2. Fungal issues – Sometimes, fungus and mold can grow onto the bodies of an aging barn spider. If the environment is humid, there can be mold infestation, and the same mold can grow onto the spider’s body. 
  3. Nematode worms – An infestation of nematodes in the bodies of barn spiders, particularly old ones, can lead to a quick death.
  4. Mites –  In hot, humid climates, mites can also penetrate the spider’s bodies.

Barn Spider Population

The exact number of barn spiders all over the world is unknown. However, their conservation status is Least Concern as of yet, owing to their adaptability to urbanization.

Similar Animals:

  • Grass Spider: This spider species is mainly found in grass.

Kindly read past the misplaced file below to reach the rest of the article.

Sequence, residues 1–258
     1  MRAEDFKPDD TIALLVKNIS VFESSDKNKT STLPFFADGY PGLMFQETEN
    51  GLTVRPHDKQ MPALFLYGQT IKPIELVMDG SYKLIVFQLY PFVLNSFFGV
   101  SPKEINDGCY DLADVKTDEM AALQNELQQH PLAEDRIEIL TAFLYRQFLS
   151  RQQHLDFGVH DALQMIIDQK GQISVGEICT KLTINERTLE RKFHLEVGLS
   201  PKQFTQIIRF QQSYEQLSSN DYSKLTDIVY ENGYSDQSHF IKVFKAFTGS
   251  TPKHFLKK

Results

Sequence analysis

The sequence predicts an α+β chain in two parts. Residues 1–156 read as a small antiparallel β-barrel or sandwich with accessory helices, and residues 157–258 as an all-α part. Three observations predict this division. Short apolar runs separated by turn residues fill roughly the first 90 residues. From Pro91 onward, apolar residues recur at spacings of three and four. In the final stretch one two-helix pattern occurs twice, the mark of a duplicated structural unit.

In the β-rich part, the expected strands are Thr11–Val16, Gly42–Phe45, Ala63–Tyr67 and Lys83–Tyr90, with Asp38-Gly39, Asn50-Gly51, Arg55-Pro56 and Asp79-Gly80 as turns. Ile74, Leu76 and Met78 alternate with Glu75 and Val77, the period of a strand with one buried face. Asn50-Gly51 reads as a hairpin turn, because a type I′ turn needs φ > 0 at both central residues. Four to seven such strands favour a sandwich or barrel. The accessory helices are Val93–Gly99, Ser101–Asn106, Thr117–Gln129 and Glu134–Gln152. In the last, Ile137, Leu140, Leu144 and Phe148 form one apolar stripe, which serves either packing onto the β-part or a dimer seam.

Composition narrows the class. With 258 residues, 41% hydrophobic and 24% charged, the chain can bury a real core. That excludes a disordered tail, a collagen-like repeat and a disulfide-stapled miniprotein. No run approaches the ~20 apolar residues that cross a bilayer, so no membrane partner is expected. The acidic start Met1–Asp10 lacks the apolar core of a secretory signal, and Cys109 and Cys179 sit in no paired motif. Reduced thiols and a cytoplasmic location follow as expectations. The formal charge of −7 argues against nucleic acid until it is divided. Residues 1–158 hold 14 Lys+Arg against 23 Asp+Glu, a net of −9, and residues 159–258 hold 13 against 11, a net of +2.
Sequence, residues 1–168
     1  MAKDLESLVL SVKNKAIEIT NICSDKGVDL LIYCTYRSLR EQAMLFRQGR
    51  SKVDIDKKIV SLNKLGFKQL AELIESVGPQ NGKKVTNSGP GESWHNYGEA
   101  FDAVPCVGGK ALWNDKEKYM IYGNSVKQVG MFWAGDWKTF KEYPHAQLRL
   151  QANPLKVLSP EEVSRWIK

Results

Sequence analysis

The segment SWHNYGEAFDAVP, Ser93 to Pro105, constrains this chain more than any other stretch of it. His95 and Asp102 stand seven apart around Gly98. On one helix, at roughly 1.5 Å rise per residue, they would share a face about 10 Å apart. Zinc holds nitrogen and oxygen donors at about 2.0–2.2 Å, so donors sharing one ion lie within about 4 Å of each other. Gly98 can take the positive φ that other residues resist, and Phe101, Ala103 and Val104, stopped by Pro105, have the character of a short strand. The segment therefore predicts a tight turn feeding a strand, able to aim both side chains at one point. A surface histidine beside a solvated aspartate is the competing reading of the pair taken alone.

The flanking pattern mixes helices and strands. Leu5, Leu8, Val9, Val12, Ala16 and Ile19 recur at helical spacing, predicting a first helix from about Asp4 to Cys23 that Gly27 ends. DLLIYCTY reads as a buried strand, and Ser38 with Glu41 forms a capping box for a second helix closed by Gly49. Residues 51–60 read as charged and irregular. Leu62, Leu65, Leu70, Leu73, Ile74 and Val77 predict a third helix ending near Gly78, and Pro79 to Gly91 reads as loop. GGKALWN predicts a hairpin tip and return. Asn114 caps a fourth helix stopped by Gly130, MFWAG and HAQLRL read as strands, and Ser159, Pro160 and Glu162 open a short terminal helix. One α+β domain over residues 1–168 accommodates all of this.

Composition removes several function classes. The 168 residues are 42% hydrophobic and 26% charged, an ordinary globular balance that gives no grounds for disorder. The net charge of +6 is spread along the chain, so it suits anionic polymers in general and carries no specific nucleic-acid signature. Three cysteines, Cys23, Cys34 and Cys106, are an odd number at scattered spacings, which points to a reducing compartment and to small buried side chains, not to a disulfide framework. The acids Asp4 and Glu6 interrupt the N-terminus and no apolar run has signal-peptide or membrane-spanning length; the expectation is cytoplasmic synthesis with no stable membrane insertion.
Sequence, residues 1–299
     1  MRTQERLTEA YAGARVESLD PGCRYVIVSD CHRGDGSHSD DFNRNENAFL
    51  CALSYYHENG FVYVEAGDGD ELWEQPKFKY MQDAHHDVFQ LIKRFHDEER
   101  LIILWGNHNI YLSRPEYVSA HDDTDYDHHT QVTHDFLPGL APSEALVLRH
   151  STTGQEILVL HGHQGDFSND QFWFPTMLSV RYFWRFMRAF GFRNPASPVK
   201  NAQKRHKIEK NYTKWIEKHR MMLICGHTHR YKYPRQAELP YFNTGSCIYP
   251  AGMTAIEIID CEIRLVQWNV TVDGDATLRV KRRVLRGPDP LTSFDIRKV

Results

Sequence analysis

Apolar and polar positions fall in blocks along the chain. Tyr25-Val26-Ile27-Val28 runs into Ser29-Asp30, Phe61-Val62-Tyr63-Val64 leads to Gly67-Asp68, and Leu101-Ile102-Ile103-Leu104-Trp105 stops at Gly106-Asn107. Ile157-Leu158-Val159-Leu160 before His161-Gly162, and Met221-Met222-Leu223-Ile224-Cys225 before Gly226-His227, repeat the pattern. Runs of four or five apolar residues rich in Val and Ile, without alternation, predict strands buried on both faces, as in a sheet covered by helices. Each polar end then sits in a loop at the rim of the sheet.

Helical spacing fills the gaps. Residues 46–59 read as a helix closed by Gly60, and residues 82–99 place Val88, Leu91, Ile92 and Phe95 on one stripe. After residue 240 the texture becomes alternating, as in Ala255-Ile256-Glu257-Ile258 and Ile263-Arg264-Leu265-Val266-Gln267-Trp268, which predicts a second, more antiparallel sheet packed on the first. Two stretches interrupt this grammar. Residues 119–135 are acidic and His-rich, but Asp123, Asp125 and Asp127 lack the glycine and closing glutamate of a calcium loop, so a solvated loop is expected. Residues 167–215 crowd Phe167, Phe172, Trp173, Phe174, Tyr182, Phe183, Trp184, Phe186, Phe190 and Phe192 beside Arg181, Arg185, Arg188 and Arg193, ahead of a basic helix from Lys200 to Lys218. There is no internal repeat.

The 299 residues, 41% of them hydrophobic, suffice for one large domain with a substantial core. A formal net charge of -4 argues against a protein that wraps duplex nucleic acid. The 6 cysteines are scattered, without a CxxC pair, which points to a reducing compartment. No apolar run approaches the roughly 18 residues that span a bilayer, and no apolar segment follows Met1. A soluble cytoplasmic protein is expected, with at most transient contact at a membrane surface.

• Peacock Spider: This spider has beautiful colors that the males showcase during courtship.
  • Wolf Spider: A carnivorous spider species that strikes its prey like a wolf!
  • Orb Weaver: Barn spiders are a type of orb weaver.

View all 284 animals that start with B

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About the Author

Lev is a writer at AZ Animals who primarily covers topics on animals, geography, and plants. He has been writing for more than 4 years and loves researching topics and learning new things. His three biggest loves in the world are music, travel, and animals. He has his diving license and loves sea creatures. His favorite animal in the world is the manta ray.

Barn Spider FAQs (Frequently Asked Questions) 

Are barn spiders carnivores, herbivores, or omnivores?